ERIC is actually an attempt to clean up voter rolls. It was founded in 2012 with $139,000 in start-up funds from the nonpartisan Pew Charitable Trusts. Pew received $1.2 million from Soros’ Open Society Foundations between 2009 and 2011, but that was unrelated to ERIC. Member states now pay a membership fee and annual dues that fund the program’s costs.

Republicans who do not agree with conspiracy theories about the 2020 election say that ERIC is actually helpful to voting officials. Alabama Secretary of State John Merrill, a Republican, called assertions that ERIC is a Soros-funded leftist group "patently false." 

‘Aggressive’ voter roll clean-up proposal could include wiping registration lists 
In this Tuesday, Nov. 3, 2020 file photo, Voters stand in line outside a polling station, on Election Day in Mesa, Ariz. (AP) 
The website for the America First Secretary of State Coalition calls for "aggressive voter roll clean-up." At least a couple of candidates have floated the idea of removing everyone from the voter rolls.

After winning the Pennsylvania GOP primary, Mastriano told Newsmax, "We might have to reset, as far as registration, start that whole process over here." Rachel Hamm, who was running in California, suggested requiring people to re-register every eight or 12 years, "proving you still want to vote, you are still alive" and live at the correct address.

Such a scenario would violate the purpose of the National Voter Registration Act, which was designed to increase voter registration, said Eliza Sweren-Becker, a lawyer for the Brennan Center for Justice at New York University. Wiping the voter rolls is "entirely unreasonable" and would violate steps for removing ineligible voters.

Election officials use various sources of state and federal data—  including the postal system’s national change of address database — to manage their voter rolls. 

It’s unclear how states could logistically start voter registration from scratch and still hold elections at any level. 

Coalition calls for getting rid of election machines

A voter, right, feeds a ballot into a tabulator at a makeshift polling station inside a parking garage in Santa Fe, N.M., on Tuesday, May 5, 2020. (AP)

Some of the candidates have called for getting rid of the election machines that tabulate results.

"Any electronic machine can be hacked," Nevada’s Marchant said at a coalition event in South Carolina. "So why use them?"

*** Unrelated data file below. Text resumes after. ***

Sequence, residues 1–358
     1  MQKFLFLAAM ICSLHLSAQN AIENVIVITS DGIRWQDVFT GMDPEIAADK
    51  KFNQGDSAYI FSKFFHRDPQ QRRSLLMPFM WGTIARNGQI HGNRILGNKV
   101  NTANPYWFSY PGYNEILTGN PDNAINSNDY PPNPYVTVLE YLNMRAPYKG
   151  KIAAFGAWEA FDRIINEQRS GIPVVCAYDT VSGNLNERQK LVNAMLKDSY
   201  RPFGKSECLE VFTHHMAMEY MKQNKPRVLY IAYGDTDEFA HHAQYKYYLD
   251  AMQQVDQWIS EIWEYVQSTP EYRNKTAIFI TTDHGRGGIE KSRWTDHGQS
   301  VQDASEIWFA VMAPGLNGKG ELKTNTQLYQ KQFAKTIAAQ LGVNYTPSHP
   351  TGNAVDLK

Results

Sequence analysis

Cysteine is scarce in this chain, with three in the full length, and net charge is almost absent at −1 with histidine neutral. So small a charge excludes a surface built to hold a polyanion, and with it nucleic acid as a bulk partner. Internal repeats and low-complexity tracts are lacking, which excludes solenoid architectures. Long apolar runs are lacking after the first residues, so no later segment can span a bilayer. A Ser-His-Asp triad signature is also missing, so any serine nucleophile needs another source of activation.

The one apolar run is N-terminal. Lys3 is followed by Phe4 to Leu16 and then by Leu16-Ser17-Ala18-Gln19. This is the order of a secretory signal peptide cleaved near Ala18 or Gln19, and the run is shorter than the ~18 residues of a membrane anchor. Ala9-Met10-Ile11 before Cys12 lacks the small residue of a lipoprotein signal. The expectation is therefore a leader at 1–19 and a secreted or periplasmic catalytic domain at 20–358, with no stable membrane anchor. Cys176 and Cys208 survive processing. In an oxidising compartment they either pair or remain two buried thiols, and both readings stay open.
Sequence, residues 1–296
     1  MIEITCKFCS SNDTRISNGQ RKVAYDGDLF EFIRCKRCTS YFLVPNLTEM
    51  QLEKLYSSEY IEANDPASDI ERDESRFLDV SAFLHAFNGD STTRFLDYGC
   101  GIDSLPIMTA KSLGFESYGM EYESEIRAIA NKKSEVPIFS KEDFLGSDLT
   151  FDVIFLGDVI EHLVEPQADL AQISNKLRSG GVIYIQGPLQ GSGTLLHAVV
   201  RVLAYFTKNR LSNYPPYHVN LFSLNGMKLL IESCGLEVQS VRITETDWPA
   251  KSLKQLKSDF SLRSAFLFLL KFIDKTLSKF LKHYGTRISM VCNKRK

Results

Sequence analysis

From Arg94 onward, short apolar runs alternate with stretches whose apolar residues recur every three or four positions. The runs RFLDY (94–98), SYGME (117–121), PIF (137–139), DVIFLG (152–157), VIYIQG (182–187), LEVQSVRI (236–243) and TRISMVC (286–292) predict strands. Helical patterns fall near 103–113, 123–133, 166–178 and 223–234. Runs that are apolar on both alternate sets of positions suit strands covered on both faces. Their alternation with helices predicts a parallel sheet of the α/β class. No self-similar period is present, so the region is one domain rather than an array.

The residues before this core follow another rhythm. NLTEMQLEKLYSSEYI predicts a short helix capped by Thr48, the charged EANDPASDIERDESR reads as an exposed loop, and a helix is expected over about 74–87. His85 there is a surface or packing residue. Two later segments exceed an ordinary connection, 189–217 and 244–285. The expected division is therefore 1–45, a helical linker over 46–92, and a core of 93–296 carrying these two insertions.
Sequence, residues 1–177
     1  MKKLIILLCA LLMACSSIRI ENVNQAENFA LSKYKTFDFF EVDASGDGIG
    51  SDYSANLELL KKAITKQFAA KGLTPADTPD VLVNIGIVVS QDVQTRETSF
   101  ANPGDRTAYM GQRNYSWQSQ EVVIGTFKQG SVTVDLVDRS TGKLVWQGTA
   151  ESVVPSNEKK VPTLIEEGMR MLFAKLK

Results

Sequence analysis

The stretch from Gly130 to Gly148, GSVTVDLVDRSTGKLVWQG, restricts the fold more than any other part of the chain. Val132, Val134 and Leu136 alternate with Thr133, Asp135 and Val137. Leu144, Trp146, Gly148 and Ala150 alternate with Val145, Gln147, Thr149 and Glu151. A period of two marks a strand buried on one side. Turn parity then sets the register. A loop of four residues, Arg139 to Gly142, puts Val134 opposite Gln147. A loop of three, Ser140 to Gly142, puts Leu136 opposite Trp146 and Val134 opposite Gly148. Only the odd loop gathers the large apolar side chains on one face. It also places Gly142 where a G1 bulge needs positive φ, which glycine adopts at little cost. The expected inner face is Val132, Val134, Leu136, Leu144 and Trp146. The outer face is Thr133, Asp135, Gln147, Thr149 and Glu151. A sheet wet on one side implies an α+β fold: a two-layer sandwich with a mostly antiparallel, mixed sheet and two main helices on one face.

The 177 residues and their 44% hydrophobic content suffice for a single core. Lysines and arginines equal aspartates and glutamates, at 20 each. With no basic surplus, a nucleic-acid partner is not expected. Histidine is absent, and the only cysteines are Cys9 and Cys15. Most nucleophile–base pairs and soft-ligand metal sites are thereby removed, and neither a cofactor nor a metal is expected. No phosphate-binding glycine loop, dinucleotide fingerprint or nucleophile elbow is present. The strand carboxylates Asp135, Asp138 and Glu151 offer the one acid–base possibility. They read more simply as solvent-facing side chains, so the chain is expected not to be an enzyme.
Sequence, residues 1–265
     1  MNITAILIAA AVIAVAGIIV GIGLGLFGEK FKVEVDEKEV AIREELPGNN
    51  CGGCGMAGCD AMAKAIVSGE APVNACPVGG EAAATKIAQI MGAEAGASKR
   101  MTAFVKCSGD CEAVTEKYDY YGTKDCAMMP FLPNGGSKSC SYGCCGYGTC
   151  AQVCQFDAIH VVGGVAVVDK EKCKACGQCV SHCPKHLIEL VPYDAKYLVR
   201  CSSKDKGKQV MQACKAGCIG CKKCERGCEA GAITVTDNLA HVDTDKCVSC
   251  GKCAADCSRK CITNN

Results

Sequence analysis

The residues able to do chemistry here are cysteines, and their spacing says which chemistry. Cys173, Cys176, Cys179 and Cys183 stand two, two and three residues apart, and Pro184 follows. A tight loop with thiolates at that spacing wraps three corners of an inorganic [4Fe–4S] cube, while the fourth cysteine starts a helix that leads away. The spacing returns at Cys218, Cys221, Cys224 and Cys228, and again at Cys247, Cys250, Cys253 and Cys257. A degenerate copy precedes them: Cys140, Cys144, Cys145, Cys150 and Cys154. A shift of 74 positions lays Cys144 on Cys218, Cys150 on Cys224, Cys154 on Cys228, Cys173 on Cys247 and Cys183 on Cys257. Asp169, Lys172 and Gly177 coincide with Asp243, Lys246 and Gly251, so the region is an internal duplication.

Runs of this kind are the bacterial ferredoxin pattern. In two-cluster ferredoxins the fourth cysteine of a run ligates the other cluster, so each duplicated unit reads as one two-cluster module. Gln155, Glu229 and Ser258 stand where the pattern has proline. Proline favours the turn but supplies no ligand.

But election machines have been used for decades. Nevada’s law allowing voting machines was enacted in 1951.

While it’s theoretically possible to hack a machine, there is little evidence it’s happened in a way affecting the outcome of an election. The federal Cybersecurity and Infrastructure Security Agency issued an advisory June 3 stating there are vulnerabilities affecting versions of Dominion Voting Systems’ software and called on states to take steps to mitigate risks. But the agency also said that it had "no evidence" that these vulnerabilities have been exploited in any elections. Dominion said that the vulnerabilities have been addressed in subsequent software versions, and Georgia election officials said the manner in which they were detected was not a real-world scenario.

Finchem has praised France’s method of hand-counting ballots cast for president. When France elects a president, it is the only race on the ballot. In the U.S., ballots often include multiple contests spanning several pages. 

"The idea of hand counting every race is impractical and just creates a whole lot of other problems," Morrell said. 

"Humans are terrible at repeated tedious tasks," Morrell said. "We are bad at counting, we don't do it accurately and don't do it quickly — that’s the whole reason we invented machines to do it in the first place."

The review of about 2 million ballots orchestrated by Arizona Senate Republicans last year took months — and that was just in Maricopa County. More than 159 million Americans voted in 2020.

How the platform harms democracy

Voters line up in booths to cast their ballots at Robious Elementary School in Chesterfield, Va. on Nov. 8, 2016. (Shelby Lum/Richmond Times-Dispatch via AP)

The coalition is angling to replace secretaries of state who, like Georgia’s Brad Raffensperger, refused to take steps to overturn the election on the basis of Trump’s lies. 

Raffensperger, a Republican, rejected the former president’s request in a phone call to "find 11,780 votes" for him and declare him the winner in Georgia. Trump’s pick to run against Raffensperger, U.S. Rep. Jody Hice, lost the May primary. (While the coalition’s website and Marchant indicated Hice was part of the coalition, a spokesperson for Hice told VICE that he wasn’t a coalition member.)

Some of these candidates face uphill battles because they are running against better-financed or more experienced candidates — for example, Michigan’s Karamo will face Secretary of State Jocelyn Benson, a Democrat. But in battlegrounds where the competition is close, these candidates remain serious contenders. Mastriano faces a competitive general election against Democrat Josh Shapiro, the current Pennsylvania attorney general. The winner of the Nevada GOP primary will face Democrat Cisco Aguilar, a lawyer and former Nevada Athletic Commission chair.

The Brennan Center for Justice at New York University has been tracking campaign donations in six battleground secretary of state races. The group found that candidates in those races have collect­ively raised $13.3 million, more than two and a half times the $4.7 million raised by the same point in the 2018 cycle. 

In some races, candidates who deny the outcome of the 2020 election hold primary fundraising leads, including Finchem in Arizona, who has raised about $940,000. 

"We definitely can’t write these candidates off as fringe candidates," Lydgate said. "The reality here is that these people are definitely having some initial success. There is a real cause for concern right now. People need to pay attention."

PolitiFact researcher Caryn Baird contributed to this report.